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The Animal Justice Party (AJP) is opposed to fireworks because of their impact on wildlife and domesticated animals, which outweighs any engaging and exciting display.

Key Objectives

  1. End the use of fireworks.
  2. Promote less harmful and more sustainable entertainment, e.g., drone displays and laser light shows. All entertainment will have some impact on animals which must be considered in event planning.


Impact on Animals

Many animals are stressed by the noises associated with fireworks and will tend to flee. Forty five percent of dogs have a fear of fireworks and many react badly to fireworks to the extent of escaping and becoming lost. Horses and small mammals also suffer. Animals confined by fences can become injured and may die as a result. In some cases, vets prescribe sedation and anti-anxiety drugs but these have side effects. Birds and bats, either in flight or roosting, may also be startled and injured. The smoke can also cause fear for wild animals who think that it indicates fire - this is particularly problematic for animals held in zoos and other enclosures who cannot attempt to escape from the smoke. In the USA, fireworks caused the deaths of thousands of red-winged blackbirds over the city of Beebe. Traumatised nesting birds can abandon their nests causing the eggs or chicks to die. Australian examples have not been studied.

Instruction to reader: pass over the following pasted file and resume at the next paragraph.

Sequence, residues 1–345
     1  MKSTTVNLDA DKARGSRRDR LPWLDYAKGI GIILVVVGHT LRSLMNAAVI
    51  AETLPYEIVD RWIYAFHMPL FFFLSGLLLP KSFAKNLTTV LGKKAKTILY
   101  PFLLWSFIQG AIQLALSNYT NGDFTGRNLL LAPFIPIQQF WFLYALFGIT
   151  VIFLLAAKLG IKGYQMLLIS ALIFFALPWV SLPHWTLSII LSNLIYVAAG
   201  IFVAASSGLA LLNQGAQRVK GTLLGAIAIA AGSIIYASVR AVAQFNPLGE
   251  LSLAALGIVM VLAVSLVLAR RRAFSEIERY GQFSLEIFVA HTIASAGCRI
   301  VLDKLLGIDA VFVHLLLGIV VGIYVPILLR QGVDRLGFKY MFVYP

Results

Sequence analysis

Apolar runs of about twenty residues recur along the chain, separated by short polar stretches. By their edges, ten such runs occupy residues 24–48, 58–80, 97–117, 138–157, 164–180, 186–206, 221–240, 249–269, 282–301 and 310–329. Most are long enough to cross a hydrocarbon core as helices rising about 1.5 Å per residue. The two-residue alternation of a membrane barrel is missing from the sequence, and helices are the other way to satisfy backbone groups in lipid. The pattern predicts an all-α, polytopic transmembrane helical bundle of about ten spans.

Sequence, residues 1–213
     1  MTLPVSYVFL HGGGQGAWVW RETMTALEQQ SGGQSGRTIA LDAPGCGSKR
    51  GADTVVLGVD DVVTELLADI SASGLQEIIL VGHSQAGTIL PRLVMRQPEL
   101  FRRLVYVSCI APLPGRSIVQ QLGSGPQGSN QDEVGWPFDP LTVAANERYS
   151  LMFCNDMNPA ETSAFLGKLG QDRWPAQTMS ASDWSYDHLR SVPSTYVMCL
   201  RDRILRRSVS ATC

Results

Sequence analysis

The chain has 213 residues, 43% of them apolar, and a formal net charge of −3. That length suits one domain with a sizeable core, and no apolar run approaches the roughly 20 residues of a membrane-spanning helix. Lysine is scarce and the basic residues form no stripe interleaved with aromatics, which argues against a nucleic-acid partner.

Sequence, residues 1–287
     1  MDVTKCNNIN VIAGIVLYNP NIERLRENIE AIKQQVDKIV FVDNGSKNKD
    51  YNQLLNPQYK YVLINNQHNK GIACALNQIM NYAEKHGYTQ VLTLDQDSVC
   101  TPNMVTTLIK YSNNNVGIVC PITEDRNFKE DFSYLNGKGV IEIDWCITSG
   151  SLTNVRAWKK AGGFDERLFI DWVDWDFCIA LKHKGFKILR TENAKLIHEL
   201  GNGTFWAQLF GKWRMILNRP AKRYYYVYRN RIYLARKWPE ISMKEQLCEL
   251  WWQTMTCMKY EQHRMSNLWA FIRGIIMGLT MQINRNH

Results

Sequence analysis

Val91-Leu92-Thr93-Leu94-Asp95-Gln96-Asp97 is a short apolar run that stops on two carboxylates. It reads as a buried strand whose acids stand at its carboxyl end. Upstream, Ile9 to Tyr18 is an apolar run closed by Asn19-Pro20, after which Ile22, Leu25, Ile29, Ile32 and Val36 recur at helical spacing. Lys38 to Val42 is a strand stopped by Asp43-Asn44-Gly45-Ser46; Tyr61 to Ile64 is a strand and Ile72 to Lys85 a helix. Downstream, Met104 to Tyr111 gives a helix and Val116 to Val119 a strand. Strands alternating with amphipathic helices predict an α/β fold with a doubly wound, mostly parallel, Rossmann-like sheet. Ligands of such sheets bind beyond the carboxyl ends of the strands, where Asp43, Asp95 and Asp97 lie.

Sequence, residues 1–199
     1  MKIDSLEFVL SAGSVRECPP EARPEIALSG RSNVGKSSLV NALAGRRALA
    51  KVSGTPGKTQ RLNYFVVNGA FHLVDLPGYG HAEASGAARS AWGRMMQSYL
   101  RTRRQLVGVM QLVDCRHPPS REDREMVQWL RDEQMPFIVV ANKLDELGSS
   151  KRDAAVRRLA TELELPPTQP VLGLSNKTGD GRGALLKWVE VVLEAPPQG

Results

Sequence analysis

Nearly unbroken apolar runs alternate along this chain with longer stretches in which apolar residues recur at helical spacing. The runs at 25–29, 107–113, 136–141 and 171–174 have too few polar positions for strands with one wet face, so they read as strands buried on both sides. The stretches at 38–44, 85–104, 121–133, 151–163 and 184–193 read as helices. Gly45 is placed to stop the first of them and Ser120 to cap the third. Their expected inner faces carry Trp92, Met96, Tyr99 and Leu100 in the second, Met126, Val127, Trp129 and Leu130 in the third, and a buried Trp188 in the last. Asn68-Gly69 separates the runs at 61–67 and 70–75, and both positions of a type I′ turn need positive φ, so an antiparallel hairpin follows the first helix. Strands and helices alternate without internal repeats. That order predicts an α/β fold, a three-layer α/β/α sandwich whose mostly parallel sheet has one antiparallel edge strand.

Impact on the Environment

Fireworks are well known to start fires. For example, in the Northern Territory numerous grassfires are started by ‘cracker night’.

Therefore, most firework displays in Australia are held over water, which also enhances the visual display. The potential exists for short-term elevated concentrations of chemicals used in fireworks to appear in surface water, groundwater, and the air immediately following larger commercial fireworks displays. These chemicals – used for colour, noise and propulsion – might be harmful to humans and aquatic life, and until we know for sure, the precautionary principle should apply.

Impact on Humans

Humans have been injured and killed, both in the manufacture and use of fireworks.

People can also experience anxiety, sound and sensory disturbance. War veterans and anyone with PTSD may have symptoms triggered by fireworks. People on the autism spectrum can suffer due to atypical sensory processing.


Options such as silent fireworks, drone displays and laser light shows have already demonstrated their ‘wow’ factor to crowds. There are suitable alternatives which can be reused multiple times with less environmental waste. “Silent” fireworks are quieter and produce less toxic waste. These alternatives still need to be well-regulated to avoid harm. When used responsibly, they can cause considerably less harm and damage than fireworks shows today.

The AJP has concerns regarding the use of large flame projectors. When used inappropriately, this pyrotechnic equipment can be terrifying or even deadly especially for nocturnal birds, bats and insects who might be burnt or killed when flying into that space.

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